African economies rank high in global league.

Author:Ford, Neil
Position:Topic
 
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The latest Economic Freedom of the World Report, while limited in its scope, provides an opportunity to see how African economies fare in comparison with the rest of the world. As NEIL FORD reports, Africa comes out looking good.

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The Economic Freedom Network (EFN) has published its latest league table of economic freedom in 123 states, including 33 in Africa. As expected, African countries dominate the lower reaches of the table but perhaps surprisingly two states have reached the higher echelons of the global rankings, while many more African nations have moved a long way up the table.

From the outset, it should be acknowledged that most of the EFN's members, such as the Cato Institute in the US and Canada's Fraser Institute, are firmly placed on the libertarian or liberal side of the economic debate and so the survey tends to favour minimal state interference and maximum business freedom.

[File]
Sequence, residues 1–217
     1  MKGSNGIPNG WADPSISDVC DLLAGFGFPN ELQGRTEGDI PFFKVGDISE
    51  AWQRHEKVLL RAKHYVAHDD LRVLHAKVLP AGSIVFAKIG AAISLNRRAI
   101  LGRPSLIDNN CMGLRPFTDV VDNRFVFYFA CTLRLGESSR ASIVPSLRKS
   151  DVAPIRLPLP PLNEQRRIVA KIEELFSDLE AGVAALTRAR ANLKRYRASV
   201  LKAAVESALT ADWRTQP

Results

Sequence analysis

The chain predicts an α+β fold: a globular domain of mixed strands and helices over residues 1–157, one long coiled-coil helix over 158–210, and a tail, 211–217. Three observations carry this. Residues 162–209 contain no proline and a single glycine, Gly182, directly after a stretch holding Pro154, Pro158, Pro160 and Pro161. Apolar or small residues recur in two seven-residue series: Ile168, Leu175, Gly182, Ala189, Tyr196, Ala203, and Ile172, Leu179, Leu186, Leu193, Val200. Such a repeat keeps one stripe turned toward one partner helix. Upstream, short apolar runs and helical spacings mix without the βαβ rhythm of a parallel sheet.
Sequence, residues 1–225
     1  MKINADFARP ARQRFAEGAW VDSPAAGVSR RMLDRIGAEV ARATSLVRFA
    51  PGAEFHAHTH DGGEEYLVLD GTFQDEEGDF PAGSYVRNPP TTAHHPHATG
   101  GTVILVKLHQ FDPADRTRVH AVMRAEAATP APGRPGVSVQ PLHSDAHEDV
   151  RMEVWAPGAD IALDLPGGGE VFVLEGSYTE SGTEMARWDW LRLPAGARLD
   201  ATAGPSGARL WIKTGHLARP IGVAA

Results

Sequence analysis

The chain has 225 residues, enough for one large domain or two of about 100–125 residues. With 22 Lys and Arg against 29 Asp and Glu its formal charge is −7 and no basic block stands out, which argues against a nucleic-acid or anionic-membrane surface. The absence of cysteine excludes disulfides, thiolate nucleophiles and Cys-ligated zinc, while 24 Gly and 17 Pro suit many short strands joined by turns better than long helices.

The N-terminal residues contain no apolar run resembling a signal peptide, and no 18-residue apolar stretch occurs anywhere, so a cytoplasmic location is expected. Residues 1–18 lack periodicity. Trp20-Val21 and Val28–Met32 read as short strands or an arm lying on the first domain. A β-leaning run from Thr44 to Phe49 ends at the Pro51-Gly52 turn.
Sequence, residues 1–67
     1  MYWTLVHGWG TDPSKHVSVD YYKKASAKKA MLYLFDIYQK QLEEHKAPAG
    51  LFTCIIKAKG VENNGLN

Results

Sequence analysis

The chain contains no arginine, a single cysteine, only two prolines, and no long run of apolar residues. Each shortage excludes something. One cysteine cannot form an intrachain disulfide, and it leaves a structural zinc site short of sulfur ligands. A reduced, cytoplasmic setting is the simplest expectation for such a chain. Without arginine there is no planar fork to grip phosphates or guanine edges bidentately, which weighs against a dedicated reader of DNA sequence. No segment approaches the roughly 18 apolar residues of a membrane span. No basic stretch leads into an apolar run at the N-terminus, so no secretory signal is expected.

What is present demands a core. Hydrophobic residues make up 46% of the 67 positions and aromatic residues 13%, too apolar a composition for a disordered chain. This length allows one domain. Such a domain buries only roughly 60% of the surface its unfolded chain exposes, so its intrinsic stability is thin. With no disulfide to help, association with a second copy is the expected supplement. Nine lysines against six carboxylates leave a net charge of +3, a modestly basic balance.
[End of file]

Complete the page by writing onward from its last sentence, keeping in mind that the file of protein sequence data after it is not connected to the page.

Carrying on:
However, the survey does provide an indication of the general attractiveness of each of the listed countries destinations for investment.

Given that the survey considers the same countries under the same criteria each time it is conducted, it is perhaps of most use in comparing change over time and so scores and rankings have been provided for both 1990 and 2001 in the main table. The list of 33 African entries is topped by Mauritius, which also achieves an impressive global ranking of 20th along with Germany and Chile. Africa's number two, Botswana, is ranked alongside Norway, Sweden, Japan, South Korea and Taiwan, indicating that some African economies are as open as many in the West. However, at the other end of the scale African countries fill five of the bottom six places in the global table, although Myanmar comes last.

A glance at the top three African countries for 2001 indicates that the EFN survey has some validity. Any African observer would place Mauritius, Botswana and South Africa near the top of their lists of the most favourable African countries for investment.

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Similarly, any observer would have noted that Uganda's ranking in recent years has greatly improved. The land locked East African state was ranked bottom out of the 33 in 1990 and now achieves joint fifth place--an incredible improvement and a reflection of the extent to which the government has adopted economic reforms.

Namibia's higher ranking in 2001 is also to be expected, given the enormous strides made in a country that was still effectively...

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